On the other hand, if you feel confident that you can do everything on your own, from recording to mixing and mastering, just make sure it sounds great. There is an easy way to test the quality. Add your song and several similar songs which are already used in TV shows or films and play them one after another. You can also connect your TV with a transmitter and play the playlist to check how they sound on TV. If the production quality of your song is shoulder to shoulder with the others, that’s it.

Organize everything before you send it

Now that you have prepared everything it’s time to organize everything before sending it to the music supervisor. First check whether you have the instrumental versions of all your songs. Maybe the supervisor is looking for an instrumental as a background music. Another thing worth doing is to sign up with a PRO (Performance Rights Organization) which will collect the royalties whenever your song is being aired. Some of the most popular PROs are SESAC, BMI, ASCAP and so on. And the last thing to do applies for those who are having a co-writer. If you are a sole writer you can skip this, but if you are not writing alone, make sure to have a contract with the co-writer where they allow you to use the song on film or TV.

Sending Your Music

The last step now is to deliver your music. One of the biggest obstacles here is that it is very difficult to contact the music supervisor. Just like you, hundreds of other artists are offering their music, so they are definitely flooded with new music for their TV shows or films every week. However, since you have done you work in the best possible way by doing the research first, then selecting the best type of music for the upcoming film or TV episodes, making sure your music production is of highest quality and everything is properly organized, you can be sure that you are way ahead of the other songwriters.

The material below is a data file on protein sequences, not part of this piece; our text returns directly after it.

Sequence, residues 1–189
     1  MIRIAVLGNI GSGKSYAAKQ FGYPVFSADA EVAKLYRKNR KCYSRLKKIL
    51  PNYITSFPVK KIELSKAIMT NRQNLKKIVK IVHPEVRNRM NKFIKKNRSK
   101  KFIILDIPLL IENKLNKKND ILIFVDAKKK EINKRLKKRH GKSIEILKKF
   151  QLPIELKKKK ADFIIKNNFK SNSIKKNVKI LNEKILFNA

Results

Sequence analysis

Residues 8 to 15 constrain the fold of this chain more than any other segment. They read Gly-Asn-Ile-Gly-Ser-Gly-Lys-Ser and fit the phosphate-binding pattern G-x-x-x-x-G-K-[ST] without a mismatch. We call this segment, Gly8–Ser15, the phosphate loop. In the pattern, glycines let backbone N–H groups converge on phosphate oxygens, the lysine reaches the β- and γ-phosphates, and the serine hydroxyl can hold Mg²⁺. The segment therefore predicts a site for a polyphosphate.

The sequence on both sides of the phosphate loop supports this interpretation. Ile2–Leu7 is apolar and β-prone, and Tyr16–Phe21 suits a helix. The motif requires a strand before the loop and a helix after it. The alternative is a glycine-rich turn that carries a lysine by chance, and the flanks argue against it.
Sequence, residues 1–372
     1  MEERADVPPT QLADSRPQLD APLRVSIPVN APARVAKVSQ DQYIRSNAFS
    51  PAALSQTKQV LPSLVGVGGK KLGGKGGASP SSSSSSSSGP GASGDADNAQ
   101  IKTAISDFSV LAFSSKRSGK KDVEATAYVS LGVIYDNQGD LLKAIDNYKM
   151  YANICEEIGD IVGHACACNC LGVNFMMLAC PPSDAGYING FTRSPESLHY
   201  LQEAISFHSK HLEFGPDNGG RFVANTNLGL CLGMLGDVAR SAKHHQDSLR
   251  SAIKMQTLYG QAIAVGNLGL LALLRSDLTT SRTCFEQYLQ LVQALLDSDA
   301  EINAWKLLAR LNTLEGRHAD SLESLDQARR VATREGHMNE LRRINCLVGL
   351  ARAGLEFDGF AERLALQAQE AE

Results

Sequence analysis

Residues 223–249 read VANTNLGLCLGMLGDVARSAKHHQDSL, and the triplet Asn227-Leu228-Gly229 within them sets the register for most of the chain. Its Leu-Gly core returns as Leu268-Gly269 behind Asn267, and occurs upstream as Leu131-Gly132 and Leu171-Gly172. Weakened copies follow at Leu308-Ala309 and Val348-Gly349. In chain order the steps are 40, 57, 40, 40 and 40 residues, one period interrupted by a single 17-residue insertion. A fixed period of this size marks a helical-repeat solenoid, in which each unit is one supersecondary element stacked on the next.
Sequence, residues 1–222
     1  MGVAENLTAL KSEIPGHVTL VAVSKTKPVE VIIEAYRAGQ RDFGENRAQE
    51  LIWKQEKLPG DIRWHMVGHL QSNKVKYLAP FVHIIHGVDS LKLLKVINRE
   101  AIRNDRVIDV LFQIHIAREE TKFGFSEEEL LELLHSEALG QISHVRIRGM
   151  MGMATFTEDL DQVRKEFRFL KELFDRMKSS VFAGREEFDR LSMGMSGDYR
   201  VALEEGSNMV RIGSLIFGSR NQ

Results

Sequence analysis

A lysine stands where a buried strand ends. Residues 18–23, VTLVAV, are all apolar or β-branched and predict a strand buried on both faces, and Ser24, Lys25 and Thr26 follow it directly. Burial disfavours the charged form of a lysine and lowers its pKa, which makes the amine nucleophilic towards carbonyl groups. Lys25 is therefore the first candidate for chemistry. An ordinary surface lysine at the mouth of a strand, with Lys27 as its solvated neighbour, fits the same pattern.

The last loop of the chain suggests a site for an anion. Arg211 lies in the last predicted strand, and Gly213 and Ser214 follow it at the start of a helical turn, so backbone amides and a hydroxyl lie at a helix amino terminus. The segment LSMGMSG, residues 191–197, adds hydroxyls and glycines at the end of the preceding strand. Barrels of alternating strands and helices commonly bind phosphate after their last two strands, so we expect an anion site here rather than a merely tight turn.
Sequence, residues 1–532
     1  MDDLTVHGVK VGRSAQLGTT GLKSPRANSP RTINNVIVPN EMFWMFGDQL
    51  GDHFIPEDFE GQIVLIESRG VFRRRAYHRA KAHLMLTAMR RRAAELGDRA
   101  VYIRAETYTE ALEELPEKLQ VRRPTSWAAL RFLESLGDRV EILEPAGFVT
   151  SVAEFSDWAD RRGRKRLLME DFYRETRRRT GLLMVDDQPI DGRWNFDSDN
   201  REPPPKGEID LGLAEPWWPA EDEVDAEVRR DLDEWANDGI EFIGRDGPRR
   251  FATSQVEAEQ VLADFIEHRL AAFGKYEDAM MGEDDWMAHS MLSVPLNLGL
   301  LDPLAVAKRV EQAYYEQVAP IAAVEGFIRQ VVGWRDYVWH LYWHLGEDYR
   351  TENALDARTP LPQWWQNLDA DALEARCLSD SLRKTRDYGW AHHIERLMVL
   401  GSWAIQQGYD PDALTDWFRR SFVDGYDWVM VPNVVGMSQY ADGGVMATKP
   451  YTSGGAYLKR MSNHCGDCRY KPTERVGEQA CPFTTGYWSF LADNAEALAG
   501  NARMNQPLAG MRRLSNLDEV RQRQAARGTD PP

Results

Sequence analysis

Ideally, if you have a chance to develop some kind of relationship with the music producer either directly or through other people in the industry then do it. Maybe you can even hire a reputable licensing agent who thinks your music is perfect and meant to be on TV or a film. Of course, it will cost you but it will definitely pay off when your songs start being placed. As your reputation grows you will have a better chance to get in touch with music supervisors on your own.

And when it finally comes to sending that email to the music producer, make sure it is sweet and short and insert a link where your best work can be downloaded from. Never attach the MP3s in the email.

If you follow these tips there are great chances your songs will be successfully placed on TV or a film. At the same time, it will make it easier to start building your first relationships with music supervisors.